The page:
Pain and suffering after a bicycle accident
If you or someone you care about has been injured in a bicycle accident that was caused by another person’s negligent or careless actions, you will have questions about compensation. Most people know that there is compensation available for a bicycle accident in Georgia, but they may not know that they could be entitled to receive pain and suffering damages as well.
When you get injured in a crash that was not your fault, there are various types of compensation you can receive through an insurance settlement. Generally, the at-fault driver is responsible for paying your pain and suffering damages. But, defining “pain and suffering” can be complicated.
What does “pain and suffering” mean?
‘Pain and suffering’ is a term used to describe various types of distress a person can experience after a crash. Typically, this involves both physical and mental components.
Physical pain and suffering deals with the pain a person experiences from their injuries. This type of pain typically involved both the pain a person experiences right after a crash and while recovering as well as the pain a crash victim is expected to experience in the future.
Mental pain and suffering has to do with the physical injuries as well as the event itself causing the following:
- mental anguish
- emotional distress
- loss of enjoyment of life
When discussing pain and suffering, we want to understand that it is any negative reaction, pain, emotion or anguish a person endures as a result of the physical trauma of the initial incident. Studies have show that up to 9% of all car accident victims suffer from post-traumatic stress disorder (PTSD). Significant mental suffering can lead to depression, mood swings, loss of appetite, and more.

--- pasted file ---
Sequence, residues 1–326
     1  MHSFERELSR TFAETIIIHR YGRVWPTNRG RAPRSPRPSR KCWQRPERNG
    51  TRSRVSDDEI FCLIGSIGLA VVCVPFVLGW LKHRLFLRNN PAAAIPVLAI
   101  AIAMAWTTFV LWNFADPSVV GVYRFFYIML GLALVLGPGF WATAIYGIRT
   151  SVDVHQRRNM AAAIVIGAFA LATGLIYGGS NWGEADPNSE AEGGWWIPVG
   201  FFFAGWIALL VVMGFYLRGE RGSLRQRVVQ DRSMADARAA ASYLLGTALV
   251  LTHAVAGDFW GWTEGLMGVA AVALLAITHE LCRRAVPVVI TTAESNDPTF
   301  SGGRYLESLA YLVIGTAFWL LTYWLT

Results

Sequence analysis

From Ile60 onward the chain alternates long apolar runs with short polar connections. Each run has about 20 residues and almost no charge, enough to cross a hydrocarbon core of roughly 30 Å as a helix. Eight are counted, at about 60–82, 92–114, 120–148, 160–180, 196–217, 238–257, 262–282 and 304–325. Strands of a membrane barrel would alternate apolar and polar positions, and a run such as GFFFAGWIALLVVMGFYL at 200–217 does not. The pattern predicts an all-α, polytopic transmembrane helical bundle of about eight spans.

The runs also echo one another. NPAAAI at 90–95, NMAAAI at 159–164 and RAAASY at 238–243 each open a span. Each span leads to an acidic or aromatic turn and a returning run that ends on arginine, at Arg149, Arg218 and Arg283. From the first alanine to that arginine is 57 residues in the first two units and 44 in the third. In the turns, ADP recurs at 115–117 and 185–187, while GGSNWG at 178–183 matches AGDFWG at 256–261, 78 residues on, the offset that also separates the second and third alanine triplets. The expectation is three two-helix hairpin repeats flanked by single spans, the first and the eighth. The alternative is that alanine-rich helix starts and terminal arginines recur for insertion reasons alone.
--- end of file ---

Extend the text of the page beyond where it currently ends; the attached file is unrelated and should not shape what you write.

Bicycle accidents tend to be much more traumatic for a bicyclist than a regular accident is for traditional vehicle passengers. A bicyclist has very little protection from the force of a vehicle slamming into them and they often suffer severe traumatic injuries, including:
- Traumatic brain injuries
- Spinal cord injuries
- Bone fractures
- Loss of or damage to a bodily organ
- Dismemberment or amputation
- Significant disfigurement
Injuries of this magnitude are more likely to cause significant pain and suffering.
Is it easy to calculate pain and suffering?
Pain and suffering is harder to calculate than other types of damages after a bicycle accident. For the injuries listed above, economic damages can be calculated by gathering hospital bills and documenting lost wages. There are no bills associated with pain and suffering. When a case goes to trial, the judge will instruct the jurors to use good judgement when determining a fair and reasonable amount.
However, many cases do not go to trial, but are settled out of court with the insurance carriers. A skilled Georgia bicycle accident attorney will be ready to present testimony from medical and economic expert witnesses who can attest to the victim’s pain and suffering.
In Georgia, there is no limit to how much compensation a person can receive for pain and suffering damages. Sometimes a “multiplier” is used to help with calculations, meaning that the damages are calculated using a person’s total economic damages and multiplying them by a certain amount to get a number for pain and suffering.
The National Highway Traffic Safety Administration (NHTSA) says that there were 783 bicyclists killed in the US during the latest reporting year and thousands were left dealing with serious injuries. Georgia bicycle accidents are going to happen. If you or a loved one are injured, speak to a Georgia bicycle accident attorney as soon as possible to ensure you get the compensation you deserve.